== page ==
Sunday, February 5, 2012
Now here's Chapter Five:
Ida Mae Harper had lived in Paskagankee her entire life. Eighty-six years and counting, all spent in the little town a few miles south of the Canadian border, and Ida Mae was still going strong. She had gotten married at age 16 to a young man by the name of Wallace Harper, eight years her senior, a laborer at the leather mill located hard by the Penobscot River. The couple spent nearly fifty years together before Wallace’s sudden death more than two decades ago turned Ida Mae into a widow.
A stroke, they had told her after Wallace buckled and fell to the floor one Sunday afternoon over boiled dinner. Ida Mae thought to herself that they could call it a stroke if they wanted to, but she knew what had really killed Wallace—too many decades of sixty hour work weeks at the mill. Regularly scheduled double shifts, the occasional triple shift, week after week of working without a day off, you name it, and Wallace did it because he wanted to provide the best life he could for his Ida Mae.
The couple had never been able to conceive children, so Wallace’s death meant Ida Mae was all alone for the first time in her life. She had moved from her parents’ home straight to Wallace’s tiny but comfortable house when they married, and in that little house she still lived. Their inability to conceive had been a blow to Ida Mae and Wallace, but they had come to terms with the heartbreak after years of trying and had been happy for the most part ever since.
After Wallace’s death, Ida Mae bought a golden retriever puppy, Butch, for company, needing a living, breathing subject upon which to lavish all her love and attention. When the first retriever passed away, Ida Mae bought another, naming him Butch II. Now, Ida Mae was on the phone to the Paskagankee Police Department, sobbing and requesting assistance immediately.
“What’s the nature of the difficulty, ma’am?” the dispatcher asked.
“It’s Butch, something’s happened to my poor Butch,” she wailed into the telephone receiver.
“Who is Butch, ma’am, and what has happened to him?”
“Just send an officer, please, and tell him to hurry,” she said, tears running down her face. She provided her address to the bewildered dispatcher and hung up.
Now the cruiser moved slowly up the long dirt driveway, sliding and lurching from one pothole to another, nearly bottoming out in spots but making steady progress, finally easing to a stop in front of the house. Ida Mae opened the front door and shivered violently as a gust of cold air blew freezing rain into her home, soaking her housecoat and plastering her silver hair to her head.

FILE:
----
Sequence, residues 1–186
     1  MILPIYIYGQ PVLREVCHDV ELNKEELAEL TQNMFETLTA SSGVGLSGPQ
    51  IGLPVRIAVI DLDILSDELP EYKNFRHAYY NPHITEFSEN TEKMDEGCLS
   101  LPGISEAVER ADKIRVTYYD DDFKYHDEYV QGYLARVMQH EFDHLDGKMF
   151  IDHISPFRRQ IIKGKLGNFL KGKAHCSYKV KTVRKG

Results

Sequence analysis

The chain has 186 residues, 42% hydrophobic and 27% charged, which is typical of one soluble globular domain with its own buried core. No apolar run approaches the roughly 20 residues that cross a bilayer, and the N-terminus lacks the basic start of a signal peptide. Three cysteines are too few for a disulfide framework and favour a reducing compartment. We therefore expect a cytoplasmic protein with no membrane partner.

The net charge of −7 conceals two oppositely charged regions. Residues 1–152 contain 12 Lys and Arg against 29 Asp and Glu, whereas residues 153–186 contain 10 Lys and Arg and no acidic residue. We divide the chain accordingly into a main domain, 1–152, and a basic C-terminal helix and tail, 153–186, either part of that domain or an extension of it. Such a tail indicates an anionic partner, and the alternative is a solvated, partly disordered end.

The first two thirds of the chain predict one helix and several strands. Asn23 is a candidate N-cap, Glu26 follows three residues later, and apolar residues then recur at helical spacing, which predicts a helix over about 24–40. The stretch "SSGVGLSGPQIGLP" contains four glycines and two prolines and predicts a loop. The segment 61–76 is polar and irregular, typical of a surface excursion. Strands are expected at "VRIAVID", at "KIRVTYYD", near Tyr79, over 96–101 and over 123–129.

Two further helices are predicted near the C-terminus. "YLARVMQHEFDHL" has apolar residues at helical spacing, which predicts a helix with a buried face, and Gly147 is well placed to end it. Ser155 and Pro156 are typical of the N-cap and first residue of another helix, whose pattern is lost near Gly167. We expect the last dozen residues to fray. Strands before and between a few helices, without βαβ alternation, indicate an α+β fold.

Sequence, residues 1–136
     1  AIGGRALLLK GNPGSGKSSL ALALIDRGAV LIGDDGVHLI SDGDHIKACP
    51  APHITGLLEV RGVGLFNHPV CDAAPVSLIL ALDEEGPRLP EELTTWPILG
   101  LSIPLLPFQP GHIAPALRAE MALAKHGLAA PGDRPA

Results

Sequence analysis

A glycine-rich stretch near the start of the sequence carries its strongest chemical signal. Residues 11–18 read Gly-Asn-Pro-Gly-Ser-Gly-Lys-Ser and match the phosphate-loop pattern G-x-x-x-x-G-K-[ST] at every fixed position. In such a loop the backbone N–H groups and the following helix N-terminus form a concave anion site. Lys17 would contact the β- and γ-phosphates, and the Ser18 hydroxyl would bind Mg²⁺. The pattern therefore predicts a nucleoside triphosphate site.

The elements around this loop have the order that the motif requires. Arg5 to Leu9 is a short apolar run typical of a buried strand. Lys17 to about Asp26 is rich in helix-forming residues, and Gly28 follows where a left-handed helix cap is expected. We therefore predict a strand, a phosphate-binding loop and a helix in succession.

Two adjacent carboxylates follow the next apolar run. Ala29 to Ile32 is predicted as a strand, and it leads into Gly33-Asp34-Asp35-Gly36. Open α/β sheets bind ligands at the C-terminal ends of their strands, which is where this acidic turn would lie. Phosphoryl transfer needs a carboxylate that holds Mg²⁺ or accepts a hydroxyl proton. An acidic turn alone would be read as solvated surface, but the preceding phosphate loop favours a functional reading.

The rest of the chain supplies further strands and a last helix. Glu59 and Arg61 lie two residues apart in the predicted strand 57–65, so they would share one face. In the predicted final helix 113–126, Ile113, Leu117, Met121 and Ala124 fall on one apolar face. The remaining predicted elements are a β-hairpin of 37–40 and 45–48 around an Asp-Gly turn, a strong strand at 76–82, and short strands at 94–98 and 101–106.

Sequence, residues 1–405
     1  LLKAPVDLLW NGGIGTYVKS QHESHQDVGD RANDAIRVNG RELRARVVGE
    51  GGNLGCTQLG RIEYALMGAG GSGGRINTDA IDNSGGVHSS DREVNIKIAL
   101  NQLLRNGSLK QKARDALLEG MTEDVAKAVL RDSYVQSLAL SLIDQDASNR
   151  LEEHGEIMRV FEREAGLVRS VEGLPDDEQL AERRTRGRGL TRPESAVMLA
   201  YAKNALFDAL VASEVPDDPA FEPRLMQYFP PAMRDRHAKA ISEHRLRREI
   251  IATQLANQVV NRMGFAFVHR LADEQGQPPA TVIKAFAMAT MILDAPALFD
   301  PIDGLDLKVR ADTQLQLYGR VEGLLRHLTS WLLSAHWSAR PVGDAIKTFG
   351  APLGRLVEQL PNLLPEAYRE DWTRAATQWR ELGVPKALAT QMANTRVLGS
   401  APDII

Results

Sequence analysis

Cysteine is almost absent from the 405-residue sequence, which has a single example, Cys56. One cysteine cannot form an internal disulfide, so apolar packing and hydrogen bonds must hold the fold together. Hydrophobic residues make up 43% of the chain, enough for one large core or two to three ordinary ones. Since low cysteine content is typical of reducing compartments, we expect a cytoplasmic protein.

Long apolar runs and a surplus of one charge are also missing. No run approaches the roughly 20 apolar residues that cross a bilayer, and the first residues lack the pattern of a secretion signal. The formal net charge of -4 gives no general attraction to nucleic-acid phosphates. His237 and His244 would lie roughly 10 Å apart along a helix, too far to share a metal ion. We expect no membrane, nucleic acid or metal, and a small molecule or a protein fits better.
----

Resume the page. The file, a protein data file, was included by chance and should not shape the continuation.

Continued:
Two police officers exited the cruiser, simultaneously pulling the collars of their jackets up against the wind and rain and running clumsily on the icy ground for the shelter of Ida Mae’s small porch. She opened the door further to allow them to enter the house, then quickly slammed it shut, moving to the thermostat and cranking up the heat, despite the fact the temperature inside the house already hovered around seventy-five degrees.
She turned to see the two officers, a man and a woman, holding their wet hats in their hands and dripping water on to the hardwood floor of the foyer. “Oh,” she exclaimed. “Where are my manners? Please, come in. Have a seat on the couch, officers.”
“We’re fine, ma’am,” the male policeman said. “What seems to be the problem? The only information we were given is that something has happened to someone named Butch. Is that your husband?”
“Oh, goodness, no,” she said. “My husband was named Wallace, and he’s been gone since probably before this little thing was born,” she said, nodding at Officer Dupont, who smiled back at her. “No, Butch is my dog. It’s actually Butch II, but I just call him Butch. It’s easier for me, you know, and he doesn’t know the difference.”
“I understand,” said the man, who seemed to be in charge. It only made sense, thought Ida Mae; the young man looks to be at least ten years older than the young lady. “So, can you tell me what has happened to Butch?” he asked.
“Oh, dear,” sniffled Ida Mae. “I put Butch out to get some air and, you know, to do his doggie business, earlier this afternoon, and when he hadn’t returned within a couple of hours, I went to the back door to call him and, well . . .” The elderly woman burst into tears, leading the two officers through the kitchen to the back door. She opened it and gestured bleakly toward the yard.